HARTFORD – Republican legislators on Tuesdays outlined three bills to bring more young people into professions currently facing shortfalls of workers.
The bills focus on trades that do not require college degrees, including manufacturing and construction. One bill would require the state Department of Education to create a framework for “career pathway training programs” and streamline the process for people in the trades to earn a teacher certification.
“We want to encourage the state to take the lead in creating those career pathways — pathways to becoming a nurse or a teacher, construction, trade work, educator, IT, hospitality, finance, marketing and more,” said State Sen. Henri Martin, R-Bristol.
Martin said that during his years on the board of directors of the chamber of commerce in Bristol, he heard from manufacturers that students were unprepared to enter the workforce. He said that manufacturing work had often been “stigmatized” as students were told that they needed to go to college in order to succeed.
“That was the start of what I’ve been hearing for years: a retiring workforce with no workers to fill the gap,” he said.
Martin said that some school districts and associations had already developed apprenticeships and internship programs, but that these were “small pockets” with programs in their “infant” stage.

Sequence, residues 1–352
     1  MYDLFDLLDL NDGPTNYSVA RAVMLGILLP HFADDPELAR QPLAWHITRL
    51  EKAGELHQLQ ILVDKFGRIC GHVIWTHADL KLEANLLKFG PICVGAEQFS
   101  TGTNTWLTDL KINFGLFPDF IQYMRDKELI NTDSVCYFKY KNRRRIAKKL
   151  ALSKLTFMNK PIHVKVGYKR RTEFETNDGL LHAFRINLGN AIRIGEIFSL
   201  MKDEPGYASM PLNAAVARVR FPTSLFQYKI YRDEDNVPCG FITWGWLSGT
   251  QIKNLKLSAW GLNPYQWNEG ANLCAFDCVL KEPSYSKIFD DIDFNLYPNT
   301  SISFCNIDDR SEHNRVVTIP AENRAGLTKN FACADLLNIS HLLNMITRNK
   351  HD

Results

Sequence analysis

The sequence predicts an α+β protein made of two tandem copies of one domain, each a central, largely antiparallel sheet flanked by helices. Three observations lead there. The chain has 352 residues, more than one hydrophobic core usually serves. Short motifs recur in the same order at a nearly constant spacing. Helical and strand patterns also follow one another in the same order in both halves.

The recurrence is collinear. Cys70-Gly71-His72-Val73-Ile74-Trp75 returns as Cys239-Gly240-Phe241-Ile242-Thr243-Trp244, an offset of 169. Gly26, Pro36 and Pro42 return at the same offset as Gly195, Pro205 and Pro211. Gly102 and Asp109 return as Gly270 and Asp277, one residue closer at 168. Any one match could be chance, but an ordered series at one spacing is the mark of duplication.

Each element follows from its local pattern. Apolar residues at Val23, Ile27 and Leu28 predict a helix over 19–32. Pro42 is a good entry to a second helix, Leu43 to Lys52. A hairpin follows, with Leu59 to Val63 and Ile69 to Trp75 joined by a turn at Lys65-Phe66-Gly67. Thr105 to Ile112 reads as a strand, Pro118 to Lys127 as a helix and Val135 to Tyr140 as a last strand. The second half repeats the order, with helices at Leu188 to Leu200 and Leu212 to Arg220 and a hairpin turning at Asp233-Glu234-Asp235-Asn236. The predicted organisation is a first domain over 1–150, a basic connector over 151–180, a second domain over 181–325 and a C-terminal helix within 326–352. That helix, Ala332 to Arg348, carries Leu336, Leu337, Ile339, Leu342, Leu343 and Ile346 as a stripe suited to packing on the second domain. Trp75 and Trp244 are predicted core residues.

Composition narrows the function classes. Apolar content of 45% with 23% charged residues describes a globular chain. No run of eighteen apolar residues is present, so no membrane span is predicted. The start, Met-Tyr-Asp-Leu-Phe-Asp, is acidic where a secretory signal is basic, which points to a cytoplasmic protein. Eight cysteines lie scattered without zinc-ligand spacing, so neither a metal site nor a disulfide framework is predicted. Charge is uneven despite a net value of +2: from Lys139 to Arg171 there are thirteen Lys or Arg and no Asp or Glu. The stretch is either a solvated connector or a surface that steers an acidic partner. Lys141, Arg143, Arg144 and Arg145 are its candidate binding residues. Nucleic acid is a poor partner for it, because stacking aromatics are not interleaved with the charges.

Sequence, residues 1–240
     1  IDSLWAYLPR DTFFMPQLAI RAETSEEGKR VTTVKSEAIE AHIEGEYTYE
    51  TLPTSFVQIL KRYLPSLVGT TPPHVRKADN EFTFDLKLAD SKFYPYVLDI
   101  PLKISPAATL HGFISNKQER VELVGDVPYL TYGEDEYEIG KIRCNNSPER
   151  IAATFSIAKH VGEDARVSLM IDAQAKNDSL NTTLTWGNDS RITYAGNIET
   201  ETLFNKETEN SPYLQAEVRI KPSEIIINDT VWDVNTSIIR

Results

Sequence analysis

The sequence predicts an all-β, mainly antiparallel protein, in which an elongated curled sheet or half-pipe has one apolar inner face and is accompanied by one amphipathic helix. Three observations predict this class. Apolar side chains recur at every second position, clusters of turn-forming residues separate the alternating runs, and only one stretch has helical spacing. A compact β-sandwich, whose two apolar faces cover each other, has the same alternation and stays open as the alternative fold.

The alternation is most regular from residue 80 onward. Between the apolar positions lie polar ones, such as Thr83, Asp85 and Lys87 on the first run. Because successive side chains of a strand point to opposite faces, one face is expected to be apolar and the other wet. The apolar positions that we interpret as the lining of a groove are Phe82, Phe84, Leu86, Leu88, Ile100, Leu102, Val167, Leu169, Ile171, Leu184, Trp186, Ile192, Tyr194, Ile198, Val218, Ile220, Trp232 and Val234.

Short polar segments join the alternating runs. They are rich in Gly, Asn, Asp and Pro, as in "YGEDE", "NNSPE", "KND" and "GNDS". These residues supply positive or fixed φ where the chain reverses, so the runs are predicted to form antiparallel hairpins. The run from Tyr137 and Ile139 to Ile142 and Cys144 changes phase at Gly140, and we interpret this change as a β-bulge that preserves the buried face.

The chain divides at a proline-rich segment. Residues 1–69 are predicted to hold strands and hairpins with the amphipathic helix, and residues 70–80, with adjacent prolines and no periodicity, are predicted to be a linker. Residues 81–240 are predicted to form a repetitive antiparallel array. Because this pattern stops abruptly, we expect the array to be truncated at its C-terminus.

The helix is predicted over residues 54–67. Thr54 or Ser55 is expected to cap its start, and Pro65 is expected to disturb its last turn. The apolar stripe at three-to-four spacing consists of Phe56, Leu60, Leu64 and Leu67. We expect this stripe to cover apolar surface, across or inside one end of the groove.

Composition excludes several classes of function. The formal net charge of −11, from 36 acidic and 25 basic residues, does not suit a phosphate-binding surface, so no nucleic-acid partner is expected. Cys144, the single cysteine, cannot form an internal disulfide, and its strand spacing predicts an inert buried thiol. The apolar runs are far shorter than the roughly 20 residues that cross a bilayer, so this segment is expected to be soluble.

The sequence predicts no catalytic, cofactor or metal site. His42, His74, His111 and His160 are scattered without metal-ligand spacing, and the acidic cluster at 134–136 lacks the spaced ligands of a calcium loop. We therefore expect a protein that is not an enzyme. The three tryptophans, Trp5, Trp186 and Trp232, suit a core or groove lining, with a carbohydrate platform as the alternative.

“More needs to be done to cover the entire state,” said Martin.
Another bill would require a group of state agencies to work with the Connecticut Hospital Association to create a curriculum for a “Health Care Academy Program” that would give high schoolers certification to work in healthcare fields.
Republican proposals would also require the department to distribute information about vocational and technical schools to middle schoolers and information about trade schools to high schoolers who are applying for federal financial aid.
“There’s a help-wanted sign everywhere,” said State Sen. Paul Cicarella, R-East Haven. “We have a lot of open positions out there and we have a very large population of professionals that are going to be retiring.”
Ciccarella said their plan also required young people to study financial literacy. He talked about a school district that does an exercise where it sets up a fake store in the gymnasium and have the students pay their bills using fake money the school distributes.
“The kids were shocked to realize they had to pay their own cell phone bill. That’s a problem,” said Ciccarella.
Ciccarella also talked about “retraining” for people who didn’t go to college or trade school and connect them with companies looking to hire. He said he’d heard representatives from the construction industry who were telling school administrators how much they needed young people to enter the profession.
“They were explaining that these were great careers — retirement, benefits,” said Ciccarella. “And we have to connect these groups together.”
Senate Democrats did not respond to a request for comment by the time this article was published.